"Suck For Luck" Makes Sense
In a hostile L.A. Coliseum, Luck weathered the deafening crowd and after a seemingly critical error – a pick six to sophomore Trojan cornerback Nickell Robey – bounced back admirably to bring Stanford back.
All 93,607 attendees in the sold-out Coliseum were witnesses to Luck’s ever-evolving ascension to greatness before he makes his leap to the NFL. Each person sampled what Luck will be doing on Sundays for years to come.
Critics and scouts have heralded Luck the “surest thing” at quarterback since Peyton Manning entered the 1998 draft and possibly the greatest prospect since former Cardinal signal caller John Elway left Stanford in 1983.
As such, Luck has been the impetus for overwhelmingly loud chatter in the NFL amongst fans and writers alike: should an NFL franchise tank their season to have the right to draft Luck?
Inherently, the question is absurd. No team in the NFL, one of the world’s most physically demanding leagues featuring players without guaranteed contracts, would oblige to purposely lose. It goes against everything players stand for.
While the players will always try to win, fans of the cellar-dwelling franchises without a stable quarterback may want their team to lose out so they can draft Luck.
Fans are smarter now, more aware, about the game. There is nothing wrong with them rooting for their team to land premiere quarterback, especially if his name is Luck, in the 2012 NFL Draft.
More than ever, the NFL is a quarterback driven league. With countless rule changes to aid passing offenses and to protect quarterbacks, a team’s successes and failures hinge on the QB.
Football is a team game with 11 men on each side of the ball; it’s hard to say that one player or position is valued more than any other.
But the quarterback is.
Of the 12 teams currently in playoff position, 10 have a Pro-Bowl-caliber quarterback. The sole teams that do not, Cincinnati and San Francisco, are thriving from elite play at other dimensions of the team.
The days are gone where a team can hedge its bets with a great run game and amazing defense, and throw Trent Dilfer or Doug Williams to take snaps. A championship team will encounter moments where its quarterback must make throws.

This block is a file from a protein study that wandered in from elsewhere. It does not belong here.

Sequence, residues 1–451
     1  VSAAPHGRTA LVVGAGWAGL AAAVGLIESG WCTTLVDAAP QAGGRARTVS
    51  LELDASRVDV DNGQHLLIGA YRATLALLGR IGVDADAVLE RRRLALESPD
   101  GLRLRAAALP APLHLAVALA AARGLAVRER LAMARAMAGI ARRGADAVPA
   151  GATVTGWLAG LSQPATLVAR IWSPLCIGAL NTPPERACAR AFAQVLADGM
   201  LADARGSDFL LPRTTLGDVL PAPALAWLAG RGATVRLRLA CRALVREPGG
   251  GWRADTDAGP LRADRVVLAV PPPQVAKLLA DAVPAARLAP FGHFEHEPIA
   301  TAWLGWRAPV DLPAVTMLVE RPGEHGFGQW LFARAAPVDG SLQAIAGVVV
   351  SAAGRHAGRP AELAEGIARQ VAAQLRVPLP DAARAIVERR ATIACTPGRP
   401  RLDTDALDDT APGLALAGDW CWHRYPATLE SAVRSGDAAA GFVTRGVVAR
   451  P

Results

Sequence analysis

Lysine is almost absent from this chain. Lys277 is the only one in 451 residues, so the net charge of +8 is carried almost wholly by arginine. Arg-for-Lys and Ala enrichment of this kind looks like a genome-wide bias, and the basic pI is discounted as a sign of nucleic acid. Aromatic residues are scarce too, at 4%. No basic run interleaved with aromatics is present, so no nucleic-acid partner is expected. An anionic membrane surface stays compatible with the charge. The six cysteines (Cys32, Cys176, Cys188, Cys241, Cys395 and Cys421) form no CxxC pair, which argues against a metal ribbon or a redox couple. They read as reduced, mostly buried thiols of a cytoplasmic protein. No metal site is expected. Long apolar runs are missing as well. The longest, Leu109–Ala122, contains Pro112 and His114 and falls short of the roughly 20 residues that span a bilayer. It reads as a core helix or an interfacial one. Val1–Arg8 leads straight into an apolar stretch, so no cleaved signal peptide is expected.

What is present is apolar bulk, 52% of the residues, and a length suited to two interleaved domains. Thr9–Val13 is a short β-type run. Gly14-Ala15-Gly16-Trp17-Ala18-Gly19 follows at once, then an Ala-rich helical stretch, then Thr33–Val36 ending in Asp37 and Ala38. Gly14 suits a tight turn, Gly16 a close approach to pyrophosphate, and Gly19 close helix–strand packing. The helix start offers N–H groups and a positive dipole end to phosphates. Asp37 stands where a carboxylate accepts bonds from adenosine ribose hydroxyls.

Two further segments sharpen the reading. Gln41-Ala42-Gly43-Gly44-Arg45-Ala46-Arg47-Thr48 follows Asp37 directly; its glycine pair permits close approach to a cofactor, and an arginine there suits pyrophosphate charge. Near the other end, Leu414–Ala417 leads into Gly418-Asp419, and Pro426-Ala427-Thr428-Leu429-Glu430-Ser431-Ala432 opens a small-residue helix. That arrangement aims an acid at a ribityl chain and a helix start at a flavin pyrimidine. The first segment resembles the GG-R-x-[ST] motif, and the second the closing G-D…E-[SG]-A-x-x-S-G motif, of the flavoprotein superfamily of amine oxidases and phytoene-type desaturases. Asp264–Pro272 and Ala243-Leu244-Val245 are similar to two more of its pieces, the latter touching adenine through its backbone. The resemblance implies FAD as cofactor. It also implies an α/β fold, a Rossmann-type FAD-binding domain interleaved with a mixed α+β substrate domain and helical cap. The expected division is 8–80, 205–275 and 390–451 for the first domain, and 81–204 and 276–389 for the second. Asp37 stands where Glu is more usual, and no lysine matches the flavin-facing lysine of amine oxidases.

The Steelers would not have won Super Bowl XLIII without Ben Roethlisberger making amazing plays during the last two and a half minutes. The Broncos would not have won 1987 AFC Championship Game without “The Drive,” Elway’s legendary 98-yard march to tie the game and send it to overtime, where Denver prevailed.
And having a great quarterback is even more essential now than it was in 1987.
When a team hits on a star quarterback, it propels, sparks the franchise. The largest weight of a team is off its proverbial shoulders after the most important of positions is resolved.
Sure, Indianapolis didn’t have a proper contingency plan for a Manning injury. But the transcending years he provided for the Colts should not be forgotten so easily.
The Green Bay Packers are the best-case scenario of what can be done to line up a successor. Green Bay drafted Aaron Rodgers near the end of the first round to sit behind future Hall of Famer Brett Favre, until Favre finally retired. The Packers only endured one down year with Rodgers; now the Pack is NFL elite with the best in-form quarterback.
Yes, the possibility always exists something catastrophic could happen to Luck. But no matter what, if a team believes a player can be a franchise quarterback, it has to take him ASAP. That’s why Carolina selected Cam Newton first overall in the last draft, however surprising or irrational it seemed.
Fifteen of the last 25 first overall selections have been quarterbacks, including nine of the last 11.
Fans just want their team to win. But if a team is doing so poorly that it has no hope of succeeding in its current season, hedonistic rooting is fruitless. The team has better long-term, sustainable success if they bottom out and select an elite quarterbacking prospect.
So, Miami, Denver, Arizona and Indianapolis supporters, here is a parting wish upon your franchise: best of Luck this season.
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